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India: The New Star of Asia

Prepared by: Esther Pan
June 21, 2006

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India is entering an unparalleled period of growth and accomplishment. The country's economic development—rooted in skilled labor, outsourcing, and the high-tech industry—is so dramatic that TIME heralds "the rise of the Indian elephant." The implication is that the rest of the world will need to make room. With an economy growing at 8 percent per year—and projected to reach 10 percent next year—India's democratic society looks like the new star of Asia. Indian diplomat Shashi Tharoor may be the next Secretary-General of the United Nations (newKerala.com). India's leaders are actively working to increase the country's regional and international standing, as C. Raja Mohan writes in the July/August issue of Foreign Affairs. Even Bollywood is showing India's new confidence by venturing abroad to shoot its films in locations from Malaysia to South Africa—and drawing hordes of devoted fans along in its wake (Asia Times). Fareed Zakaria writes in Newsweek that India is widely acknowledged to be the new star on the world stage.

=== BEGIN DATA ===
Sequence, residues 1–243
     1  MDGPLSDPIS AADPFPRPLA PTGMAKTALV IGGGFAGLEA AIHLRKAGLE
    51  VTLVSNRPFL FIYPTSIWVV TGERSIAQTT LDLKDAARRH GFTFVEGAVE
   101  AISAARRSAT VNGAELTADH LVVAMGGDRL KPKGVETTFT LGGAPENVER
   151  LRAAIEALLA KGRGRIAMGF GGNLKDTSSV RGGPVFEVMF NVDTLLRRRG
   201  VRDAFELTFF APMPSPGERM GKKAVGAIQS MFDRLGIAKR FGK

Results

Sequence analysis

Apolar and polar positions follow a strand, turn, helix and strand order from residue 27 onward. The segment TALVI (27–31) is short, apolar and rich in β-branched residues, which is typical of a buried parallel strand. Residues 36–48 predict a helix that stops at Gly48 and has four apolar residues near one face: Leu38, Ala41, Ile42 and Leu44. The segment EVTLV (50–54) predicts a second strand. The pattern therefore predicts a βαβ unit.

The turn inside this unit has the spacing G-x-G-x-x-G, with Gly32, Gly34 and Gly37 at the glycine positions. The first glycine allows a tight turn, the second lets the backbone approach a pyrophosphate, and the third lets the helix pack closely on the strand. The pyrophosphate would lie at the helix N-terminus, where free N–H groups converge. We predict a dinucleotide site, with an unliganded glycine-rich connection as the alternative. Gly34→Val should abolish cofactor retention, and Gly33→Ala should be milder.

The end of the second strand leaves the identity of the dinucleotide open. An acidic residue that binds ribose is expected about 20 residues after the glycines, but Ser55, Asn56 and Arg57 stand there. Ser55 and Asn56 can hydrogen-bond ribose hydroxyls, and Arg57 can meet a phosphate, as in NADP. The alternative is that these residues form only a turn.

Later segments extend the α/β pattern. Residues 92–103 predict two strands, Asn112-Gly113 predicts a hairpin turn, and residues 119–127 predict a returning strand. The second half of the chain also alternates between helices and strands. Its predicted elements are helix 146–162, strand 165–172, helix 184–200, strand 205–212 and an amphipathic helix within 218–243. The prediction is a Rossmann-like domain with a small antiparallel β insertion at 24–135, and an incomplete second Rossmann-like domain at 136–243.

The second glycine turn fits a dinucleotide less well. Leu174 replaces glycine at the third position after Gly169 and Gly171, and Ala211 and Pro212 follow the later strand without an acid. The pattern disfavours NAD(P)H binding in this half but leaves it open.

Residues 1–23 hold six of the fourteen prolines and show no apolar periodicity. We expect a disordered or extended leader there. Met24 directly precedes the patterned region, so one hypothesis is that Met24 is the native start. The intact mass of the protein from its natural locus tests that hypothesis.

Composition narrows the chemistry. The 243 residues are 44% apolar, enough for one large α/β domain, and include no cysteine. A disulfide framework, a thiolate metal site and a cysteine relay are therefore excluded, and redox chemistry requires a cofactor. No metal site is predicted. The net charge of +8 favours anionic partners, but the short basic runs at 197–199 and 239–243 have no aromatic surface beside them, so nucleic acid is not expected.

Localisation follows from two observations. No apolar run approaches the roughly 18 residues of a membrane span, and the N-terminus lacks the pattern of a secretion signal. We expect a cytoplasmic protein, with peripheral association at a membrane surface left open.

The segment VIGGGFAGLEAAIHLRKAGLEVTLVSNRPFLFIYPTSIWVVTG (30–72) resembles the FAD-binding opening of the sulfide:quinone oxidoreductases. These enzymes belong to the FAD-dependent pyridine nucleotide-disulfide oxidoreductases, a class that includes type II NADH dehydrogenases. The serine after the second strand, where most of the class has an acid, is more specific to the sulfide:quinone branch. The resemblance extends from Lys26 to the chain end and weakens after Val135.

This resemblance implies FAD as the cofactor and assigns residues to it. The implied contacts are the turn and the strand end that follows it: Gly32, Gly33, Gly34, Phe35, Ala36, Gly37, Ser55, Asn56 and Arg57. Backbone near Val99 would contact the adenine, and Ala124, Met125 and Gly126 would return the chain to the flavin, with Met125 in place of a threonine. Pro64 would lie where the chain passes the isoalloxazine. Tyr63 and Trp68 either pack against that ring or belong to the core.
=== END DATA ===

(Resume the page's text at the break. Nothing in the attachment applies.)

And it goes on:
The United States has taken note of India's new status. Congress is considering an unprecedented nuclear deal with Delhi, part of the Bush administration's efforts to strengthen ties with the growing power. Ashton Carter writes in Foreign Affairs that despite the deal's flaws, it is worthwhile because India is likely to become a valuable U.S. security partner. Some experts say a close alliance with India is also a way for the United States to hedge against China's growing dominance in Asia. The complex relationship between India, China, and the United States is examined in this Backgrounder.

But India is no superpower yet. It is still bedeviled by an array of daunting problems. India has 15 percent of the world's population and only 2.4 percent of the world's land. It is plagued by widespread poverty, rapidly growing inequality, and nearly six million people infected with HIV (UNAIDS). Conn Hallinan, a foreign policy analyst for the think tank Foreign Policy in Focus, writes that two Indias are emerging: one a booming growth zone for the prosperous middle class, and the other a bleak landscape where child mortality is greater than in Bangladesh and the rural poor have no hope of escaping their desperate straits.

Delhi must grapple with serious issues. Malnutrition is stunting the country's economic growth prospects; efforts by Prime Minister Manmohan Singh's government to set hiring quotas for lower-caste Indians have sparked furious protests (Economist); and India's poor, slow-growing states are the least able to create jobs in the private sector and most hurt by economic volatility, as Catriona Purfield writes in this IMF report. A USAID report on sustaining India's growth says the country needs a massive inflow of capital investment and must learn to better allocate its resources to reduce poverty.

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